Wednesday, November 30, 2016

Trump Names Elaine Chao As Transportation Secretary Appointee


President Elect Trump has named Elaine Chao, former Deputy Secretary of Transportation and Secretary of Labor under earlier Republican administrations, and wife of Senate Majority Leader Mitch McConnell, as his choice to head the Trump administration USDOT. Senator McConnell’s immediate reaction to the appointment and forthcoming Senate confirmation vote was “No, I’m not going to recuse myself.”

Associated General Contractors of America and American Road and Transportation Builders Association both applauded the selection. House Transportation Chairman Bill Schuster and USDOT Secretary Anthony Foxx also joined the chorus of praise for Trump’s choice. Trump’s announcement charged Chao with carrying out “our mission to rebuild our infrastructure in a fiscally responsible manner.” No explanation was forthcoming regarding the discrepancy between Trump’s campaign promise of $1 trillion for infrastructure investment over the next ten years, and his current transition website posting slashing that figure to a mere $550 billion.


Pence, Trump and United Technologies Keep Carrier Jobs In Indiana



Without releasing the details of the arrangement, the Trump transition team has announced, and Carrier has confirmed, an agreement that would preserve in Indiana 1,000 of the jobs Carrier earlier proposed moving to Mexico. Reports indicate that the State of Indiana has offered new incentives to Carrier to keep 1,000 jobs in the state, and that Trump pressured Carrier’s parent United Technologies with threats of losing a significant portion of its $5.6 billion in annual defense contracting revenue if Carrier’s proposed move to Mexico was put into effect.

Missouri Infrastructure Budget Faces Deep Pothole In Motor Fuel Tax Shortfall


Illinois is not the only state where increasing vehicle fuel economy and tax averse state legislators are combining to leave secondary roads and bridges in deplorable condition. Missouri road fund revenue has plummeted from $1.3 billion in 2009 to only $800 million anticipated in 2017, leaving 30% of the state’s less traveled roads in poor condition, and 22% of the state’s bridges in poor repair or weight restricted.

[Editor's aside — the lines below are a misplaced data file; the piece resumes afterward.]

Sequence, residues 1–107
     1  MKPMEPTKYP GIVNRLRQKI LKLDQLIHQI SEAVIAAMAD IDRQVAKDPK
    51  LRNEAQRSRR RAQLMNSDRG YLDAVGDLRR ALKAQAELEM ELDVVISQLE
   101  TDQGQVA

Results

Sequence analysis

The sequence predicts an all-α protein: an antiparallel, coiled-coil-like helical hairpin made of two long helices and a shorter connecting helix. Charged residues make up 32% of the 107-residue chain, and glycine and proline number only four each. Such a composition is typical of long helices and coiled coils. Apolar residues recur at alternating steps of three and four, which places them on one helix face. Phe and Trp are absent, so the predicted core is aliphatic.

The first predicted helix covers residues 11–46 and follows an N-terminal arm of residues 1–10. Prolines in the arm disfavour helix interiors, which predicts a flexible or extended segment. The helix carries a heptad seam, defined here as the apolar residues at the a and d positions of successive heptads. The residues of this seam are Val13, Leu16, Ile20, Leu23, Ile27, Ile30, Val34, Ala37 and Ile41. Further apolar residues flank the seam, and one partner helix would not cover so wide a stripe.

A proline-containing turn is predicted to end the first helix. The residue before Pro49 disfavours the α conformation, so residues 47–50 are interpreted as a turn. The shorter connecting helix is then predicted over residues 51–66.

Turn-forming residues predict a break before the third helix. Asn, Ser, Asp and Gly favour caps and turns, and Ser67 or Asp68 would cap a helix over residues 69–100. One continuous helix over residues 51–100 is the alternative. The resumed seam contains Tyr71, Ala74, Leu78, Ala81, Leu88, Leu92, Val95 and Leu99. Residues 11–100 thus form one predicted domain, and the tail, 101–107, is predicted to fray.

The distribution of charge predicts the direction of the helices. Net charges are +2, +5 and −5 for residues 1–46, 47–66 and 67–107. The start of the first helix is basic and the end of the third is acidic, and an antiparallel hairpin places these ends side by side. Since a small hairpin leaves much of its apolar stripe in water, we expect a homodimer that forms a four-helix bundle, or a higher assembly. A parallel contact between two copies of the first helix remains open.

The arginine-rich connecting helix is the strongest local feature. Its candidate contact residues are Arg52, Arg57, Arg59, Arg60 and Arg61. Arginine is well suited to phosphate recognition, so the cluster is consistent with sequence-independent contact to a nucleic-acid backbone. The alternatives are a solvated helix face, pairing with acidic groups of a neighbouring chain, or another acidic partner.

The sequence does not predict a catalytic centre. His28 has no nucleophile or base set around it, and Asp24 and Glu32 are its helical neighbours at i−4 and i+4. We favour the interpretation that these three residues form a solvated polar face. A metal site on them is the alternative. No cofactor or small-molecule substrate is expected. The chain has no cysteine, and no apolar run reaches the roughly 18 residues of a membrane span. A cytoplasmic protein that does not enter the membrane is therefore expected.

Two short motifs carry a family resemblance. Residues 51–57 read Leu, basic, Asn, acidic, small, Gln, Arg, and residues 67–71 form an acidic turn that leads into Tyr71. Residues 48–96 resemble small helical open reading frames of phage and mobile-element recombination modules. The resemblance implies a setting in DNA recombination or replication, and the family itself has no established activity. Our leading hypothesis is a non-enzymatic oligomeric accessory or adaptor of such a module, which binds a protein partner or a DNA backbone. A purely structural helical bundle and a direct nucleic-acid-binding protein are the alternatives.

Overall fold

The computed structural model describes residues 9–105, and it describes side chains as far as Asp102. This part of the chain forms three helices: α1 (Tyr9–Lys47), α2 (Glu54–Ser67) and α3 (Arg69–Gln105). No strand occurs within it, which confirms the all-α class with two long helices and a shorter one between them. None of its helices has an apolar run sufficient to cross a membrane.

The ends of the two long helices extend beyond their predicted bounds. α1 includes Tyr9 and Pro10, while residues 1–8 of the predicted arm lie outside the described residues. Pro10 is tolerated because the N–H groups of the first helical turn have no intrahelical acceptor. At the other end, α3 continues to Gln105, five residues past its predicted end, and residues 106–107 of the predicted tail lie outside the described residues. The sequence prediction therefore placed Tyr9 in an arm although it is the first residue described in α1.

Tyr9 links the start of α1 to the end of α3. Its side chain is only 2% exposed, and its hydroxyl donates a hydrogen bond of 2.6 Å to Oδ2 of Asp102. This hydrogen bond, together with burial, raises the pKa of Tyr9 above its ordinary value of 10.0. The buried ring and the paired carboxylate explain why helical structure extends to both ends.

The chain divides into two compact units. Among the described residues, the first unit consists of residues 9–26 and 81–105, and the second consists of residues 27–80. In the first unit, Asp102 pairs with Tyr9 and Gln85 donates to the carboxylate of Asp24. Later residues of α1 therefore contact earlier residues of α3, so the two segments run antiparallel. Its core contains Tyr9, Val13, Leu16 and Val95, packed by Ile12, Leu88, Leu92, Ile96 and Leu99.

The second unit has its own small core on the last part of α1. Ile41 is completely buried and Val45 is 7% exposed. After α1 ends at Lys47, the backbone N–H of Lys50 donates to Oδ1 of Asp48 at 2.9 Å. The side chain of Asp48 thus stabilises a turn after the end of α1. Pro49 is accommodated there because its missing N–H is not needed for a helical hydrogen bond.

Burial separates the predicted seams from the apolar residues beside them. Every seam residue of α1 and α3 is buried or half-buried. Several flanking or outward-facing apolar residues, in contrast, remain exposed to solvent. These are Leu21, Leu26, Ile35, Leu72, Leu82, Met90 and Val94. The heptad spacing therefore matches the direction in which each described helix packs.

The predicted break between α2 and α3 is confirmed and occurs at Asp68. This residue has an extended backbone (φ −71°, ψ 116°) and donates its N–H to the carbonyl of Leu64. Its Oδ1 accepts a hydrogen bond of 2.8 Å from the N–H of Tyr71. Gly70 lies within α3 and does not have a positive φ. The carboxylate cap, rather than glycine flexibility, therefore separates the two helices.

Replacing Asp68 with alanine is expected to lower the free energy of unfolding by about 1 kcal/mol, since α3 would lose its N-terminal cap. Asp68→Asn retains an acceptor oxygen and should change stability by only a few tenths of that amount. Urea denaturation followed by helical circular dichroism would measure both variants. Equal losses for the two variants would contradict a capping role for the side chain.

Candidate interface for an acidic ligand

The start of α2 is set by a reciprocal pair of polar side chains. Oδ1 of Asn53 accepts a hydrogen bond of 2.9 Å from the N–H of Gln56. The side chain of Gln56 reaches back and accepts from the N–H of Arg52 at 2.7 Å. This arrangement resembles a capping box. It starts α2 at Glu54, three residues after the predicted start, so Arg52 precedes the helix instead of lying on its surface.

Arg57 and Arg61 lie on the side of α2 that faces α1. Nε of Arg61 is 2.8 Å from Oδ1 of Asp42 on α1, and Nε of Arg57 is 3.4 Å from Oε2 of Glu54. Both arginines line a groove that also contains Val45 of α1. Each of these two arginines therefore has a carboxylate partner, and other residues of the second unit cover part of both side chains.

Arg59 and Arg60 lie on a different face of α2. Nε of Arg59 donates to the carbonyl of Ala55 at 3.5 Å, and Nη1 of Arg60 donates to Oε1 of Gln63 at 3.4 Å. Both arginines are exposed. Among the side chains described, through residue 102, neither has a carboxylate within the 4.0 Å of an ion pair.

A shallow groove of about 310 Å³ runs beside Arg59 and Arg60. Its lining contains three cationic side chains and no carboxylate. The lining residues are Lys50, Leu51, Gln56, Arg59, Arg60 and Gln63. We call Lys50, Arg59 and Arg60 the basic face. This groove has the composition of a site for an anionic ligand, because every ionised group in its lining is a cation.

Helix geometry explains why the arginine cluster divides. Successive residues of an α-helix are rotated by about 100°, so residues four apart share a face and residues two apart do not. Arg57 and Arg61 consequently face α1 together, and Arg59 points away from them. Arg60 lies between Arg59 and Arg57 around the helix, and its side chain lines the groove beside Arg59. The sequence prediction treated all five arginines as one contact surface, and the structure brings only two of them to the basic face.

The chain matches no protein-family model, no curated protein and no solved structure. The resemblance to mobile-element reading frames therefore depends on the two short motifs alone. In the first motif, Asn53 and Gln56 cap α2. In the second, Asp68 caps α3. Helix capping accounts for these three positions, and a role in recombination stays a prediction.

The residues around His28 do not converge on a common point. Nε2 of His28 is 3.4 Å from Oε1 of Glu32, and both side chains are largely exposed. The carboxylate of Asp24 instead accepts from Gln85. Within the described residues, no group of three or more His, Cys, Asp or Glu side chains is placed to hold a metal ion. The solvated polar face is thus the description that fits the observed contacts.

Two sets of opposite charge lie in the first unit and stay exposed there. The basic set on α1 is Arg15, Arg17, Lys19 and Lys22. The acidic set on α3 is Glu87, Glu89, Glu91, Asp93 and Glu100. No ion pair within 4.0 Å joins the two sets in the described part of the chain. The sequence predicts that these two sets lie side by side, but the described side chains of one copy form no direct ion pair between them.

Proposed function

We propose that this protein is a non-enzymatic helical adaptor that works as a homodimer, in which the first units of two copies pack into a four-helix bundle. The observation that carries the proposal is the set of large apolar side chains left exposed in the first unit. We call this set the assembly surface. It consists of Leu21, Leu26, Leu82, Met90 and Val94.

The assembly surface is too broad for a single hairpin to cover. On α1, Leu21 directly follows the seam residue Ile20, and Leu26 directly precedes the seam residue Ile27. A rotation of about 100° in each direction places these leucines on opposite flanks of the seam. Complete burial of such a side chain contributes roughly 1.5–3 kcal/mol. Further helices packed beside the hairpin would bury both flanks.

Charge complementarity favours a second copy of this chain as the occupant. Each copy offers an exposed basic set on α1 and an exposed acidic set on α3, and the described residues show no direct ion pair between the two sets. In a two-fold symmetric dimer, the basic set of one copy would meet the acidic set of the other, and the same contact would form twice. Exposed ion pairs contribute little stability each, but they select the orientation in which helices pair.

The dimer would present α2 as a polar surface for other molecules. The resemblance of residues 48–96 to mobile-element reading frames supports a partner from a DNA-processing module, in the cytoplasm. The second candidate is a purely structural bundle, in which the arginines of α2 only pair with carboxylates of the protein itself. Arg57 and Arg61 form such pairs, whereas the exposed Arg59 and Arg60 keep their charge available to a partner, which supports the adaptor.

A particular sore spot is the need to rebuild 200 miles of interstate between St. Louis and Kansas City, at an estimated cost of $2 billion to $4 billion. Missouri’s motor fuel tax rate of $0.17/gallon has not gone up in 20 years, and voters are opposed to any increase at present. Combined with more miles per gallon from modern cars and trucks, the revenue decline for road and bridge maintenance has been dramatic. Last year the Missouri House failed to even take up a bill to increase the motor fuel tax rate.

Declining revenues have already forced MDOT to cut the highway maintenance workforce by 20%, close repair shops and sell off highway maintenance equipment, shifting $100 million to bandage the highway repair budget. Legislators have even suggested transferring many miles of back roads from state to county responsibility, but such a move would undoubtedly increase maintenance costs per mile of road by denying county and local governments the advantages of statewide quantity purchases of paving materials.


No one has yet figured out how to build and repair more miles of road with fewer dollars.

Monday, November 28, 2016

Texas Federal Court Blocks Mandatory Overtime for High Salaried Workers


The U. S. District Court for the Eastern District of Texas has issued a nationwide injunction against enforcement of the Obama administration’s rule, set to go into effect December 1, that would mandated overtime pay for salaried employees earning less than $47,426.00 annually, as opposed to the current overtime standard of $23,660.00. The court ruled that the Department of Labor regulation was unauthorized by the Fair Labor Standards Act because it substituted salary level alone for consideration of employment duties in determining whether salaried employees are or are not hourly workers.

The court also held the Department of Labor lacks authority to insert automatic upward salary adjustments in the new rule, because the automatic adjustment provision eliminates the notice and comment period required by the Act before implementing new regulations.

Twenty state governments and fifty business organizations brought the lawsuit challenging the rule. It seems highly unlikely that the Trump administration Department of Labor will pursue efforts to enforce or revise the rule after inauguration of the new President in January.